Colorado Hospital Association Statement on Cost Shift Report Release
GREENWOOD VILLAGE, COLO. – Jan. 23, 2020 – Colorado hospitals recognize that the cost of health care for many Coloradans is unsustainably high and are actively working on solutions for improving affordability.
Cost shift exists because of chronic underfunding of state and federal public health care programs – namely Medicare and Medicaid. Cost shift in Colorado continues to be an issue, largely due to these factors:
- Government payers, that pay less than what it costs to provide care (Medicare 70%, Medicaid 77%) now cover more than 60% of Coloradans who receive hospital care. The aging of Colorado’s population has driven significant growth in Medicare, which now under reimburses hospitals by 30 cents for every dollar spent on care.
- Particularly over the past decade, uncertainty and instability in the market and in state and federal public policy is driving hospitals to be fiscally conservative in order to ensure access to high quality care in the future.
- It’s true that many Colorado hospitals have improved profit margins in the past year. This is partially a function of Colorado’s strong economy and unprecedented population growth. Much of the improvement referenced in today’s report came as Colorado’s vulnerable hospitals improved their overall financial condition and are operating closer to the national sustainability threshold of 4%. Margin improvement is also due to hospitals working to control their costs as they work to address affordability and operate during a time of great uncertainty. This is critical in an environment where hospitals are seeking to assure access to quality health care. There also continues to be wide variation in margins throughout the state, which is a function of payer mix, services provided and local economic environment.
- It’s also important to remember that the profitability numbers being cited are highly inflated as they do not take into account many expenses such as taxes, hospital-owned physician practices, and training the next generation of providers.
This report is distracting from the unintended, yet predicted, consequences of the state’s own policies. For example, the state’s reinsurance program – touted as saving consumers 20% on average – has also caused prices to increase for some consumers, and now the state is attempting to unlawfully force hospitals to pay $40 million dollars one year early. This has the potential to endanger the care hospitals provide in some communities across the state.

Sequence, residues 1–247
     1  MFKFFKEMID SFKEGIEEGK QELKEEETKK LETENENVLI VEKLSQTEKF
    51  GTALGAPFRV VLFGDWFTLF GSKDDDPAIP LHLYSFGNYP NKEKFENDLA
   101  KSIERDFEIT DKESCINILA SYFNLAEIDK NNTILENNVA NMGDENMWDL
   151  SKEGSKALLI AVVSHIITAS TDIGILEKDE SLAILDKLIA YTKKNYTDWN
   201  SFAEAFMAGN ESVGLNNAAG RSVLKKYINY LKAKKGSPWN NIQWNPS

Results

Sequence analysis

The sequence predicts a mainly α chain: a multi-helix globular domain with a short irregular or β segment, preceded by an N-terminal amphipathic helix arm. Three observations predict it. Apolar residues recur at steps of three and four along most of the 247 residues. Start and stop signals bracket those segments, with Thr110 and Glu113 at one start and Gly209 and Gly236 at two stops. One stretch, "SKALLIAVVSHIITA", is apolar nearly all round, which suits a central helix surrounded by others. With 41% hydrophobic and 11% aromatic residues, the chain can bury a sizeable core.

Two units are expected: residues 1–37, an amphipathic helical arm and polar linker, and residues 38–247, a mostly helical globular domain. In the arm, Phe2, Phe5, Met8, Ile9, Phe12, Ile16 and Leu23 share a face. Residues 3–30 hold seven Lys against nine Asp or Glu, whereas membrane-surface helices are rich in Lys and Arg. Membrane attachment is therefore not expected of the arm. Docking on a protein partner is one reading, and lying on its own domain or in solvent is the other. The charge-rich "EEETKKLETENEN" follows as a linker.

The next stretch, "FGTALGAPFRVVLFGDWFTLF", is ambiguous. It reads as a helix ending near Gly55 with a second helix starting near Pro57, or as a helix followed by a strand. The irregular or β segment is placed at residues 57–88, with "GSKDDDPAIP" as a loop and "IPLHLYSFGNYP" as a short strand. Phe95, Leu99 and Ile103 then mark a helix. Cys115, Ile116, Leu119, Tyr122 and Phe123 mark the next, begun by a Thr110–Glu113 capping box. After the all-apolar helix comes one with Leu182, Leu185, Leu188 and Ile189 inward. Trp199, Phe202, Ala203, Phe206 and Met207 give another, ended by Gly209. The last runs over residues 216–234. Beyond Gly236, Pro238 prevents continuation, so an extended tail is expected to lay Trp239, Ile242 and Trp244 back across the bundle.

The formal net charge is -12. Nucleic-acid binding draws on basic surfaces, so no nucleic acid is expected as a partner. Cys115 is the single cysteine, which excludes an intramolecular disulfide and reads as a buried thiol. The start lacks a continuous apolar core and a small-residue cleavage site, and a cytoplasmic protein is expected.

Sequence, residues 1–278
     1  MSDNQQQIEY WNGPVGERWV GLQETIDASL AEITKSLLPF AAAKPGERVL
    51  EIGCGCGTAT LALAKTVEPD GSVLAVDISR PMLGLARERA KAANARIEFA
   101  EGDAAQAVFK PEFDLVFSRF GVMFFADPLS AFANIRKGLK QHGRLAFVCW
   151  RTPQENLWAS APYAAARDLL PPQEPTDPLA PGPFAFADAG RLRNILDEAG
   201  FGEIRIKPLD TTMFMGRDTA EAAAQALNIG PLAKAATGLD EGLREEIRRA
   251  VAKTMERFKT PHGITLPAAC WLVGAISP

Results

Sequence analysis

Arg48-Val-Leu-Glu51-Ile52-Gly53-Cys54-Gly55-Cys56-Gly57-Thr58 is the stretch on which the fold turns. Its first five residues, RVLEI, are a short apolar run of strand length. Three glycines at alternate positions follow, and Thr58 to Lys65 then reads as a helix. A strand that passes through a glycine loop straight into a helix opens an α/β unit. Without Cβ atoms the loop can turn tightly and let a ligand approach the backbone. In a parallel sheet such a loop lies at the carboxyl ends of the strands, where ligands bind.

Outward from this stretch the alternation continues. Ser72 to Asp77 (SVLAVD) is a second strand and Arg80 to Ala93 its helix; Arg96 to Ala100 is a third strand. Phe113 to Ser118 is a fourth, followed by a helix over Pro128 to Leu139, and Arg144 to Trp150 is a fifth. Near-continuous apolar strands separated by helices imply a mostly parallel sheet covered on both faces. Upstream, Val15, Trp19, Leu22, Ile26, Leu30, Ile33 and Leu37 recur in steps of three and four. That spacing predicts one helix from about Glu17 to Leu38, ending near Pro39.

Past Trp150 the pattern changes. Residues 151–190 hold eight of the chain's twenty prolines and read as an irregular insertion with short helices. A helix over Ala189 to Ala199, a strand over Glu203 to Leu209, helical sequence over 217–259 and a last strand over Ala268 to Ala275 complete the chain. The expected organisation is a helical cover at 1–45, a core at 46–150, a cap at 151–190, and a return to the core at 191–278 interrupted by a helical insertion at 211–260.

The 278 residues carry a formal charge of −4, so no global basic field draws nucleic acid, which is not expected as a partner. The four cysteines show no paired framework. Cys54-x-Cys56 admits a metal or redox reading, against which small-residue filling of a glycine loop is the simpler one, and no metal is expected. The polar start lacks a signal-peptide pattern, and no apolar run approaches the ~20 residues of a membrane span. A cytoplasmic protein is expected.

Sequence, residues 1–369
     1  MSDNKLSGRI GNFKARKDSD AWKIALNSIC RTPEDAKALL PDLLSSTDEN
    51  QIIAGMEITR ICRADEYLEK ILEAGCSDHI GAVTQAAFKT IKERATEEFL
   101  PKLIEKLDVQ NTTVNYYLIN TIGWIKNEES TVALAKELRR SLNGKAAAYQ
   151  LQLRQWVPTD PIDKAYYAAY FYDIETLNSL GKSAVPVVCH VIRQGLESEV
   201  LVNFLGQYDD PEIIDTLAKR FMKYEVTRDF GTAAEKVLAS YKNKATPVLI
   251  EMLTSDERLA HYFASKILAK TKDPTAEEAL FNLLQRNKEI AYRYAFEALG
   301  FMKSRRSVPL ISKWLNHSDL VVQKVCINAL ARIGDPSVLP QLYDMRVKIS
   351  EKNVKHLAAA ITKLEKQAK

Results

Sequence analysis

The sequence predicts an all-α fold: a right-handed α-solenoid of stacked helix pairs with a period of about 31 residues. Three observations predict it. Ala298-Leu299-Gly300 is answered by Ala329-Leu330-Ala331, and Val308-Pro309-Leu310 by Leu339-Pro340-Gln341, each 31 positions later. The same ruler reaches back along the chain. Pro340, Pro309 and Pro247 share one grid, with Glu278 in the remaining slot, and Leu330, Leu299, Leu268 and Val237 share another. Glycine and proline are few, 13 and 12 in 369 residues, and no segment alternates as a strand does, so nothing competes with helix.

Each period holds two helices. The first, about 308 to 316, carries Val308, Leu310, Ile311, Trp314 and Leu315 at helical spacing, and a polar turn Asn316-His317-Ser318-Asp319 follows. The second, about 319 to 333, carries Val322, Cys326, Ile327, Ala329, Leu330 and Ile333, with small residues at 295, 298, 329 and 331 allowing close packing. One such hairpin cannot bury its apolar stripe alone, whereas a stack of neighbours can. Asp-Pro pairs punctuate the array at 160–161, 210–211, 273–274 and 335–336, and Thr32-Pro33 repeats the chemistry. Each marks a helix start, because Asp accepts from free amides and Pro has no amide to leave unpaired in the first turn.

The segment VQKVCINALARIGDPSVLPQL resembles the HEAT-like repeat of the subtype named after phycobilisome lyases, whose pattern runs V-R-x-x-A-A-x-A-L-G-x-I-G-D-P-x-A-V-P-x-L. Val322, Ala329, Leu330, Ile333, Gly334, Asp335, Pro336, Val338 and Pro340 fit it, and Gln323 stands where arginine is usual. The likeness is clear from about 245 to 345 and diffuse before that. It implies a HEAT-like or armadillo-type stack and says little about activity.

Lastly, the data in this report does not reflect the work of hospitals to reduce the cost of care for Coloradans since Governor Polis took office, including funding the state’s reinsurance program and providing relief to Colorado consumers through 2019’s legislation eliminating surprise billing, among other efforts. The most recent report from the Commonwealth Fund shows Colorado ranking 9th best in the country for health insurance premiums.
Hospitals have been good partners in addressing costs with the Polis administration and are disappointed that the state doesn’t acknowledge its role in driving cost shift. The under-reimbursement by government payers has driven cost shift by more than $1 billion increase since 2010.
Colorado needs solutions that improve affordability of care; these solutions should be approached carefully –CHA and its member hospitals are working with Colorado’s legislators to create such solutions.
About Colorado Hospital Association
Colorado Hospital Association (CHA) is the leading voice of Colorado’s hospital and health system community. Representing more than 100 member hospitals and health systems throughout the state, CHA serves as a trusted, credible and reliable resource on health issues, hospital data and trends for its members, media, policymakers and the general public. Through CHA, Colorado’s hospitals and health systems work together in their shared commitment to improve health and health care in Colorado.